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Use of Launched Soil Nails to Stabilize Shallow Slope Failure on Urban Access Road 172


In the transportation industry there are many methods of slope and embankment stabilization. Traditional soil nailing is one such method, which employs inserting nails into pre-drilled holes, then grouting them into place. A variant of this procedure, Launched Soil Nails (LSN), uses compressed air to accelerate a 6 m long 40 mm diameter steel nail or rod into the ground at over 350 km/hr. Research has indicated that at this high velocity a shock wave is generated ahead of the nails that elastically deforms the soil which subsequently rebounds and bonds to the nails (i). LSN was used on an Alberta Transportation (AT) project site near the village of New Sarepta about 40 km southeast of Edmonton on Urban Approach Road 172. The failed area was a shallow slope failure approximately 130 m2 in size. The LSN solution was ideal for site specific considerations such as a nearby high pressure oil pipeline, fibre optic cables crossing the failed area, 1200 mm diameter culvert immediately beneath the failed area, high road fill, and limited access. LSN is not a broad replacement for traditional methods of slope stabilization. However, in cases where slope failures can be compared, LSN has its advantages over traditional methods of slope stabilization. LSN reduces cost, saves time, reduces public disruptions, reduces environmental concerns, and is a flexible and viable option for stabilizing slopes.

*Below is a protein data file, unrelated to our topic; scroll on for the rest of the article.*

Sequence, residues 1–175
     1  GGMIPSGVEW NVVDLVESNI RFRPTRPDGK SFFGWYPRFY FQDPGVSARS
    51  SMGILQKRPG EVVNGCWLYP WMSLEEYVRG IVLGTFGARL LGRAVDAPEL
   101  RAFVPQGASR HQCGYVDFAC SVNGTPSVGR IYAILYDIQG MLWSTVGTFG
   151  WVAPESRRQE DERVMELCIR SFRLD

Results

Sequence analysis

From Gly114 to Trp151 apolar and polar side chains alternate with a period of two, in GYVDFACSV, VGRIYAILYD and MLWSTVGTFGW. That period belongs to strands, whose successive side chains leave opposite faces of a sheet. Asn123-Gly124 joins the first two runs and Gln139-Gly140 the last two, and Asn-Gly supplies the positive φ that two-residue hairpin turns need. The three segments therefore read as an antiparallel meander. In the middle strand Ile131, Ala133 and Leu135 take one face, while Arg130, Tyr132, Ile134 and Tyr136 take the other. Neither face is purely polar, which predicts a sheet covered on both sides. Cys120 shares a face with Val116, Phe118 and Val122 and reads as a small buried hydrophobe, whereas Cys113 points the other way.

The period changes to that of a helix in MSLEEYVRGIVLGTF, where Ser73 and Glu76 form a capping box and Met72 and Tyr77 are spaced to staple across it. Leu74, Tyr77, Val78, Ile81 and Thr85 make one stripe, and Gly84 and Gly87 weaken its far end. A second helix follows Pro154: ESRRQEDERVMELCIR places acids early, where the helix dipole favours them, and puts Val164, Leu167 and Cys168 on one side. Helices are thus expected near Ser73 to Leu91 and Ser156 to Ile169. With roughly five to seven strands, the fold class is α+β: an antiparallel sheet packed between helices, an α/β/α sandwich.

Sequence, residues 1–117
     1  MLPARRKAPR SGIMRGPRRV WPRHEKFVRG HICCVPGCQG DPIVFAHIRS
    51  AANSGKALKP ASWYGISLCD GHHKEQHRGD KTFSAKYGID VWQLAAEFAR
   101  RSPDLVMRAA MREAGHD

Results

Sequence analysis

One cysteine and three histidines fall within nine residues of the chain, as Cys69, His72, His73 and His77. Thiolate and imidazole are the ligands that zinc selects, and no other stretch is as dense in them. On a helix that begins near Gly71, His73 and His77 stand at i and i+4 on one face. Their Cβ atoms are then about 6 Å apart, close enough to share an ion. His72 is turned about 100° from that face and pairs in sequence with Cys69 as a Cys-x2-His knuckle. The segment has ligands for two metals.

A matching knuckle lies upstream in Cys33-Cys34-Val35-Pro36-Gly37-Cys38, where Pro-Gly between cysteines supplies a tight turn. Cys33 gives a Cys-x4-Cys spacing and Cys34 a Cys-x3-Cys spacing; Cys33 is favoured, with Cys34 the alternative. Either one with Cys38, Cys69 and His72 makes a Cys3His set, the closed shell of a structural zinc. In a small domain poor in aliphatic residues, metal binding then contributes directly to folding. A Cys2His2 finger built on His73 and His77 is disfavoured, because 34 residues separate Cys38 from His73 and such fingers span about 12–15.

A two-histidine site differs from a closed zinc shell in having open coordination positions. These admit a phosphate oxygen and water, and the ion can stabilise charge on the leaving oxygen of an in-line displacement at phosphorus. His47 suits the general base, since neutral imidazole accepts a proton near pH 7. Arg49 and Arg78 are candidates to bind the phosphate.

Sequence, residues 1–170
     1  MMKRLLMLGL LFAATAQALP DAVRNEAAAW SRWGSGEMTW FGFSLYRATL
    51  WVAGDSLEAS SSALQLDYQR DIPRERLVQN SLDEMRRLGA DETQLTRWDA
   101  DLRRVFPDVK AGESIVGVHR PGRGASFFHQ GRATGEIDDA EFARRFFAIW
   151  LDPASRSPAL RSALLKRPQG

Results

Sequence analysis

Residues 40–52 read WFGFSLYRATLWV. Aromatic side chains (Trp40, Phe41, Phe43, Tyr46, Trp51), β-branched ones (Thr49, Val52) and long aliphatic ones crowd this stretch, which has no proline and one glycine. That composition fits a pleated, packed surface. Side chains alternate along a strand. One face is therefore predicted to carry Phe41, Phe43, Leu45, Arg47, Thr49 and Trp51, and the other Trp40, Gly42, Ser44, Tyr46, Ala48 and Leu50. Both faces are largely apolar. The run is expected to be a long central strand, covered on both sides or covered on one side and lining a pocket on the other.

Conference Paper Details

Session title:
Jermaine Smith
Chris Gräpel
Sam Proskin
Sabhago Oad